Nice Things with Chill Moody, the Renaissance Man.
Chill Moody leans up against the brick wall outside The Blockley Pourhouse as music blasts through the window behind him. His face is the picture of patience and calm.
He’s ready but admittedly a little stressed.
“Before performances sometimes I drink,” he says, “a lot.”
He laughs for a moment and continues.
“I rehearse at least two or three times before a show and mentally prepare myself,” he says.
Born and raised in West Philadelphia, the rising rap star who graduated from Overbrook High credits his cousins with getting him into hip hop as a child. He hung out with them, listening to their music.
“I was just trying to fit in with them,” says the 26-year-old MC who has dropped six mixtapes and spins out new tracks almost weekly. “That’s how I found about Nas, Wu-Tang and Rakim.”
Even though he wrote his first rap in the third grade, it wasn’t until he attended Millersville University that Chill began to put out his first few mixtapes under the name Yung Chill tha Blokk Capt’n.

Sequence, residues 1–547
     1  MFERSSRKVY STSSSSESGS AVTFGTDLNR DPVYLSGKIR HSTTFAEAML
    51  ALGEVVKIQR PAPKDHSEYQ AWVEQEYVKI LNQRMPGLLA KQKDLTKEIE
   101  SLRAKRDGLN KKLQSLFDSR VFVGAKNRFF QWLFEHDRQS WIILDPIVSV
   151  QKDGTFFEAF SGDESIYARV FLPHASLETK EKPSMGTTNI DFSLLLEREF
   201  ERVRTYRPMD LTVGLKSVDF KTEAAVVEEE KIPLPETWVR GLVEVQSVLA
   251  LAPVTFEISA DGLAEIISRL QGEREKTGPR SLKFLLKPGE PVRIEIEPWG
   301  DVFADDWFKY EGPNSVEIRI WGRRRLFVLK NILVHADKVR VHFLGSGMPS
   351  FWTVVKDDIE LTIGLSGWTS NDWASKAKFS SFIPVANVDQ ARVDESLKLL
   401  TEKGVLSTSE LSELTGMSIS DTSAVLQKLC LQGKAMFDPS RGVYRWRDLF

He laughs as he spells out the moniker.
“On my first few mixtapes, everybody died in 16 bars,” he says.
He hadn’t lived the violent life he rapped about and his family didn’t appreciate his music.
“I wasn’t getting support from my family and that’s the most important thing to me,” he says.
Chill dropped the hood rapper façade, solidified his clique of friends and established Tha ESTablishmynt, a hip hop stable that includes producers, rappers and singers. He adopted an honest message, using his smooth flow and versatile style to deliver uplifting lyrics set to a steady, danceable beat.
For his fifth mixtape he collaborated with producer ilL MeeL to create The ilL-Chill Project, released in October 2009. It featured the track “Hip-Hop Don’t Fade Away,” which became his first song ever to be played on the radio.
“It was amazing,” Chill says of hearing himself on air in January 2010. “Izzo and DJ Touch Tone called me up and I thought they were joking at first. I went up there for the interview and they played the song. It was one of the most amazing and humbling experiences.”